In October, Samoa declared a measles outbreak. It spread quickly across the Pacific island nation, killing dozens and sickening thousands. Many of the dead were children, leading the government to implement drastic measures to try to slow it down. It shut schools across the country, banned children younger than 17 from public gatherings and asked families that had not yet been vaccinated to hang red flags outside their doors to alert health workers going house to house to vaccinate people.

Measles is dangerous not just because of its immediate threat of illness. As The Post’s Lena Sun reported last year, new studies show that measles can also make your body forget how to fight other dangerous diseases.

HIV

When hundreds of children in Pakistan’s southern Sindh province began manifesting HIV symptoms last year, doctors were confused. Babies typically contract the virus from infected parents during breast-feeding, pregnancy or birth. But these children’s parents were HIV-free.

Officials then traced a number of the children back to a single doctor in the area, and they began investigating whether he had used unsafe syringes, infecting children instead of protecting them. The outbreak stoked fear and anger in Pakistan, which has long battled distrust toward health workers, particularly vaccinators working to stamp out polio.

“The use of unsafe syringes might be one of the causes for spread of the disease, but the government is making all-out efforts to ascertain the exact cause,” Zafar Mirza, Pakistan’s top health official, said in a news conference at the time.

The doctor’s attorney told CNN at the time that his client “has been made into a scapegoat for the larger crisis in the region.”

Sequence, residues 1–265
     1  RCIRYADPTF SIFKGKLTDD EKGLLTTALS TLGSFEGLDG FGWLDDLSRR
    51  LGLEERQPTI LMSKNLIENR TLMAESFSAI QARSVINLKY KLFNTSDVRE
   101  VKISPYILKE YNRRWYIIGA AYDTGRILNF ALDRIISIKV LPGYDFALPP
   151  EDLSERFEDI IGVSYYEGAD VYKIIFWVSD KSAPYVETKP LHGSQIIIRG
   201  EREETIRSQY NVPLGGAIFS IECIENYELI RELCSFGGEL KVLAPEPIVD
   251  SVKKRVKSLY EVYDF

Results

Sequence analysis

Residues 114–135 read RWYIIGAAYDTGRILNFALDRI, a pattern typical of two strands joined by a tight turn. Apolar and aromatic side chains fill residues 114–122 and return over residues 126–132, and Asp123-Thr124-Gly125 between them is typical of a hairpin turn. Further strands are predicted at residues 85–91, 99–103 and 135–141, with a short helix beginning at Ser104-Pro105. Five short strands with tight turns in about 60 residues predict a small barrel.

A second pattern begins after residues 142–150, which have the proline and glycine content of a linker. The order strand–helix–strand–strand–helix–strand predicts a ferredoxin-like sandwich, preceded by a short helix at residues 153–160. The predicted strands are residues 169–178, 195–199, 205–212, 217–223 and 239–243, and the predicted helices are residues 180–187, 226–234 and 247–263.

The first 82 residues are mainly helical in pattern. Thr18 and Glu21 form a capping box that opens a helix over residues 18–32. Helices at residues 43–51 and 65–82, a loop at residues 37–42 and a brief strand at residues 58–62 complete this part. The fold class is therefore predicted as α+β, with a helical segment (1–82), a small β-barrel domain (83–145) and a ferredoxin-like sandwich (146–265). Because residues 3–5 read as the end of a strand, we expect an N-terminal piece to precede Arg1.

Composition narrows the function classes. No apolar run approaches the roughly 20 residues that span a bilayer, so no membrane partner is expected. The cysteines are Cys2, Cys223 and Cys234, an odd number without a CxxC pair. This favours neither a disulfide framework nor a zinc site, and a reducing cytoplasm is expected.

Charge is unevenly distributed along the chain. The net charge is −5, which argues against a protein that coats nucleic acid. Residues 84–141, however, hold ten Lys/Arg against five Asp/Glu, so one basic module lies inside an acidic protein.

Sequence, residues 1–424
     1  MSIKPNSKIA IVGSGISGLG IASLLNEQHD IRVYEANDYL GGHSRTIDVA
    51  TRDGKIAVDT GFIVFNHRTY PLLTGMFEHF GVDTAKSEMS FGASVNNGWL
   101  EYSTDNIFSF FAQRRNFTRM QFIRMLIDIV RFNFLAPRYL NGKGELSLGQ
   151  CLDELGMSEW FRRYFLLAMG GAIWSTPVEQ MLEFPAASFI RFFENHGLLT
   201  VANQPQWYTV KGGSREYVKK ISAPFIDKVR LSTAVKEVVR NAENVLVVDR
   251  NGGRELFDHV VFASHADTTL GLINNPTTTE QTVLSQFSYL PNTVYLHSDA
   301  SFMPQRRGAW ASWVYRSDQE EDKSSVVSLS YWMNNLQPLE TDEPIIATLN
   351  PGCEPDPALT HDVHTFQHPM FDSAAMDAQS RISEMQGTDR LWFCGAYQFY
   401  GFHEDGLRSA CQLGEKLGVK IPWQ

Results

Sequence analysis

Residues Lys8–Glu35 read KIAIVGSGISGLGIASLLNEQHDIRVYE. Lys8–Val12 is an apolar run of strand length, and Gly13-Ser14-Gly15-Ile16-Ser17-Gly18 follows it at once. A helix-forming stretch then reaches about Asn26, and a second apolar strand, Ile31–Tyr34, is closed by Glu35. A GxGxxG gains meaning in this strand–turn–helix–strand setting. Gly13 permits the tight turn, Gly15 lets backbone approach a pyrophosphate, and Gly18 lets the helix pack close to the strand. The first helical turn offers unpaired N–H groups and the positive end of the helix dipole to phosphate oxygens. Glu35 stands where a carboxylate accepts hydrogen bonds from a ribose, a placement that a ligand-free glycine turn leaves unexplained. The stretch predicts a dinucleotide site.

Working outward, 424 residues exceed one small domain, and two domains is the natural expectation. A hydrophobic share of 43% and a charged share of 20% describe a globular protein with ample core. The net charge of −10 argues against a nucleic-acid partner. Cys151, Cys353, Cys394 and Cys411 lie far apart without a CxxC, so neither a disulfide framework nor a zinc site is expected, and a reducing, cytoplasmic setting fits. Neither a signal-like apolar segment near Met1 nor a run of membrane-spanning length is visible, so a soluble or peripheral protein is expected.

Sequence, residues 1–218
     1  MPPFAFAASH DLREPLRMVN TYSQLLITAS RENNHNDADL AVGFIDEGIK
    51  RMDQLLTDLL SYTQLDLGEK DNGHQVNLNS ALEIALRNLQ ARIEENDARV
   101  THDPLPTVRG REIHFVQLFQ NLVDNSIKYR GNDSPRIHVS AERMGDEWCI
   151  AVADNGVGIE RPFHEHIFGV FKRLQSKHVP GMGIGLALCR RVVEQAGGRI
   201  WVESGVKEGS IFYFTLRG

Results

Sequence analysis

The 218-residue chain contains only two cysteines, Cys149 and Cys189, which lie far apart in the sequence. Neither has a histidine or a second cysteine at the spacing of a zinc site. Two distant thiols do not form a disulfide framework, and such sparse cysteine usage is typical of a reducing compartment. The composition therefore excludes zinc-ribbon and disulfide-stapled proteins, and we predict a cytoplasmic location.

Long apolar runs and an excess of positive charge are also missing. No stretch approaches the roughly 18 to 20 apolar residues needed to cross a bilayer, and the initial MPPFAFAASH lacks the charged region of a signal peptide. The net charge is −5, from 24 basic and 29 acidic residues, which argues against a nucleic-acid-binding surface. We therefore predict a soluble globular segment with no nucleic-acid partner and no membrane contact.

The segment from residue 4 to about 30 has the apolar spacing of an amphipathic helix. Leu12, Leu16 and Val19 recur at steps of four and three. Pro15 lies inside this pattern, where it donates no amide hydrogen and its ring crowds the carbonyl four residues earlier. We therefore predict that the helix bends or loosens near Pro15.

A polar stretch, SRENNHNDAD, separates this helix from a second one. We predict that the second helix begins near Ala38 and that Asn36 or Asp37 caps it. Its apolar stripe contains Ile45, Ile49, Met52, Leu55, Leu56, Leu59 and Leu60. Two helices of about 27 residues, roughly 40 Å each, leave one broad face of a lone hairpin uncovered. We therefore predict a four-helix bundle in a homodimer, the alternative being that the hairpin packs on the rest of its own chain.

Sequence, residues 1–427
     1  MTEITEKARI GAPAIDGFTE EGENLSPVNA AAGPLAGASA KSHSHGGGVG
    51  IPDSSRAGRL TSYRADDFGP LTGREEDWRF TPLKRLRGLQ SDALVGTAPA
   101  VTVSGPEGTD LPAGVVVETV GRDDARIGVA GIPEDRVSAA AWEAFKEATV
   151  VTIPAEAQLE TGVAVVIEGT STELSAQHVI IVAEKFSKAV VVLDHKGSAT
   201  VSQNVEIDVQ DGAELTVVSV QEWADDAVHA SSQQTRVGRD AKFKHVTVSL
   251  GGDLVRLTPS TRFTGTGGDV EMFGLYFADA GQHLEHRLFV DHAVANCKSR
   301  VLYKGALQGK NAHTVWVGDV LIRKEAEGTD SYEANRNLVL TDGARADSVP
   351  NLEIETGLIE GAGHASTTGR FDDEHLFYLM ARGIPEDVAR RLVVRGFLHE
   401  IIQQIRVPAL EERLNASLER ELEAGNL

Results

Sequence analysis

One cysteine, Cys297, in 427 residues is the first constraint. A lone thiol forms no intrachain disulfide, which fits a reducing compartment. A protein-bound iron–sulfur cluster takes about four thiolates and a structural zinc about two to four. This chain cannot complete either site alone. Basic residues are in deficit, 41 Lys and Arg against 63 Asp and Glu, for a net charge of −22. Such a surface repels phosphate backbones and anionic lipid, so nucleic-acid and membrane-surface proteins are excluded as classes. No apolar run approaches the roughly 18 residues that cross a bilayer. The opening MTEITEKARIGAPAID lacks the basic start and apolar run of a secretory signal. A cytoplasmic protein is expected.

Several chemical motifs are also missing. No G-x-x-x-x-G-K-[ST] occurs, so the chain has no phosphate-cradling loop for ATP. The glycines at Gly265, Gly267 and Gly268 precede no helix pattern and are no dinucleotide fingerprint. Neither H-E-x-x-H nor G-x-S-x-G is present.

In November, the New York Times reported that since April, more than 1,100 people had tested positive for HIV in a town of just 36,000 people — the vast majority of them small children.

Dengue

Mosquito larvae carrying dengue, a dangerous virus that causes a host of painful symptoms, do not need much water to breed. So when an outbreak occurs, it can be hard to slow its spread. People infected with the virus suffer immensely.

They develop high fevers and achy joints. They vomit, experience terrible headaches and often have pain behind their eyes. In severe cases, they can die.

This year, deadly dengue outbreaks around the world worried health officials and scientists, many of whom noted a link between climate changes and the prevalence of mosquito-borne illnesses.

In Honduras, more than 100,000 people contracted the viral disease, and about 175 died, the New York Times reported. In Nepal, an unprecedented outbreak of the disease infected 11,000 people between July and October. In the Philippines, about 100,000 cases of the virus were recorded in the first six months of the year, CNN reported. More than 1,000 people there have died.

Raman Velayudhan, who leads the dengue task force at the World Health Organization, told The Post’s Joanna Slater last year that there has been a “huge increase” in the number of cases worldwide.

“Unfortunately, things are a little grim at the moment,” he said.